In the story, much of the atmosphere derives from Lovecraft’s description of the unearthly countryside. How did you show this?
Daniel Haller: Stephen, the hero, has a long walk through the woods which we hope gets this over. There are charred stumps, matted growths….

Daniel Haller on set
Daniel Haller on set

What is it like working with a veteran like Boris Karloff ?
Daniel Haller: Very enjoyable. He’s not one of these people who always argue that a scene should be done another way. He does it as the director sees it. I think the great thing about Boris is his look; he puts over so much in a slight shift or lean of the head.

Does it bother you to know that critics will no doubt compare your film with Roger Corman’s Poe movies?
Daniel Haller: No, not really. I think we both have our own style. …

Corman has spoken of his interest in Freud. Is there symbolism of this nature in Die, Monster, Die?
Daniel Haller: Although I’m a great admirer of Freud, I’m not consciously using symbolism —Freudian or otherwise. Even so, Die, Monster, Die! has its “sub-text” as should any film.

Directed by   Daniel Haller
Produced by Pat Green
Written by     Jerry Sohl
Boris Karloff as Nahum Witley
Nick Adams as Stephen Reinhart
Freda Jackson as Letitia Witley
Suzan Farmer as Susan Witley
Terence De Marney as Merwyn
Patrick Magee as Dr. Henderson


The Curse (1987): SUMMARY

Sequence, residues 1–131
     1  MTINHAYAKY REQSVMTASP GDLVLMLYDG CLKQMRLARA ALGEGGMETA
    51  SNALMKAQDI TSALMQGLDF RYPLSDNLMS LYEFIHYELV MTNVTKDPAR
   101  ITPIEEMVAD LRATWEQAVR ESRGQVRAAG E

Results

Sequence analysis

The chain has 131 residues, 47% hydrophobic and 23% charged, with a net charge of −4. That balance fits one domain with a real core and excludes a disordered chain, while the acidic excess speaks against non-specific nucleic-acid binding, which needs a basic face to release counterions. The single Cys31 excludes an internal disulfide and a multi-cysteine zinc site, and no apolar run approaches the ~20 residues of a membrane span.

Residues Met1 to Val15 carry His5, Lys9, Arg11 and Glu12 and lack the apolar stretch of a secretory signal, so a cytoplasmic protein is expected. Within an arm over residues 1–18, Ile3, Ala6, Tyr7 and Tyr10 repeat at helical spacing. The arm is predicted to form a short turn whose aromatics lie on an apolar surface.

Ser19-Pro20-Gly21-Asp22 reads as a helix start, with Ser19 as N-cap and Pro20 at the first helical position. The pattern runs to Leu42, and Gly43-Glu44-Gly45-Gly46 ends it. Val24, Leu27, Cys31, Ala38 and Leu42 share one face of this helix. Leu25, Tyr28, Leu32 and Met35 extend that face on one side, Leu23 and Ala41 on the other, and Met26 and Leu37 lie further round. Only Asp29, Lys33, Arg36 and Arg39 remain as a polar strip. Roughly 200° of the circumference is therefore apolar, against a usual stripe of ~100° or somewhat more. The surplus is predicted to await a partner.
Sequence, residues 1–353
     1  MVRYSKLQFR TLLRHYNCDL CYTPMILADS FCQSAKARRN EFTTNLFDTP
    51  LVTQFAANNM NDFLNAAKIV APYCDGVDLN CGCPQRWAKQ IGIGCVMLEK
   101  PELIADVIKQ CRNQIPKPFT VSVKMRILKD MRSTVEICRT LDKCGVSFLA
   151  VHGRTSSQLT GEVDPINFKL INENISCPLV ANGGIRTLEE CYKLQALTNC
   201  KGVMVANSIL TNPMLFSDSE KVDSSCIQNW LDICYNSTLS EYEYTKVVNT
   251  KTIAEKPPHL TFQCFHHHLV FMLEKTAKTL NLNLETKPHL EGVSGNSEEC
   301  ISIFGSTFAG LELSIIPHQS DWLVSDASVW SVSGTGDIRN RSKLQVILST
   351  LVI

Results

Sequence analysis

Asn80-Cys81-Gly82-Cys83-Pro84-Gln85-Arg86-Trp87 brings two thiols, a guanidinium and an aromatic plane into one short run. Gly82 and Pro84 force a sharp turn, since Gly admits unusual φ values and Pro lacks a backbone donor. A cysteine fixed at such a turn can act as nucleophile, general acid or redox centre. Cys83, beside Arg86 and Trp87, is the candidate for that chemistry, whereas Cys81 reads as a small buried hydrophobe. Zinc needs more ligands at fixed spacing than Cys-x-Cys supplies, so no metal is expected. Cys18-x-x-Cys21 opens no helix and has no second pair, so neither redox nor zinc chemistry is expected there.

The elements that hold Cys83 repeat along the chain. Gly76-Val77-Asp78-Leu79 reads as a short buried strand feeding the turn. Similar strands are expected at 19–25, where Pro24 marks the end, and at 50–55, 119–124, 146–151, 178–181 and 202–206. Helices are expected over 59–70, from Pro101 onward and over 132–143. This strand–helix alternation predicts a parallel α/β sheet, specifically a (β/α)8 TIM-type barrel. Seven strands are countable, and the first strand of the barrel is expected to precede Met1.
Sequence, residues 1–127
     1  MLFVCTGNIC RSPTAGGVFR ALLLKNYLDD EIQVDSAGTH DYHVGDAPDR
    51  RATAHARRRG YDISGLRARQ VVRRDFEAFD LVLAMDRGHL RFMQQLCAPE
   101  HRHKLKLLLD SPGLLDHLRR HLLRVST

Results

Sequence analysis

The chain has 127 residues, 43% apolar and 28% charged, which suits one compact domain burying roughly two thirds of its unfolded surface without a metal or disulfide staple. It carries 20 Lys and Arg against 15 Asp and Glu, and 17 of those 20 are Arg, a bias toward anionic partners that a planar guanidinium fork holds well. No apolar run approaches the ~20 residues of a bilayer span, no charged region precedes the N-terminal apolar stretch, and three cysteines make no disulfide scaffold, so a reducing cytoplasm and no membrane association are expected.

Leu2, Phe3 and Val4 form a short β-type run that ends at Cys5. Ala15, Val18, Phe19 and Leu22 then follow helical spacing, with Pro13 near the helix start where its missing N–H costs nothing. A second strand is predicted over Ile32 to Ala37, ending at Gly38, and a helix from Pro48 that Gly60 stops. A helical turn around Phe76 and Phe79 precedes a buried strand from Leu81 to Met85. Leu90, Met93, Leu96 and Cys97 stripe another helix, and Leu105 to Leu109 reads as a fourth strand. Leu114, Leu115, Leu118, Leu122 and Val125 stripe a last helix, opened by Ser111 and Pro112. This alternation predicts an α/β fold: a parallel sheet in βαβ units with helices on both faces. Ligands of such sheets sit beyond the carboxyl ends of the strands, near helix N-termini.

Teenage boy Zack lives on a farm in Tellico Plains, Tennessee with his mother Frances, younger sister Alice, stern and pious old stepfather Nathan Crane and unpleasant, dim-witted stepbrother Cyrus. One night Frances sneaks out of the house while Nathan is asleep and begins having sex with Mike, a farm-hand who lives in a nearby shack. Suddenly a large meteorite crashes onto the property, emitting an eerie glow. Next morning, Alan Forbes, a physician who lives nearby, visits the crash-site, examining the meteorite which is a large sphere with a hard shell from which a noxious liquid oozes out. Before long, the object dissolves into glowing gelatinous liquid which seeps into the soil. Forbes wants to contact the authorities but is dissuaded by Charlie Davidson, local realtor and head of the chamber of commerce, who worries that the event will discourage the Tennessee Valley Authority (TVA) from building a new reservoir in the area. Forbes’ bored wife Esther also manipulates her husband into keeping quiet, worried their house will lose its value.004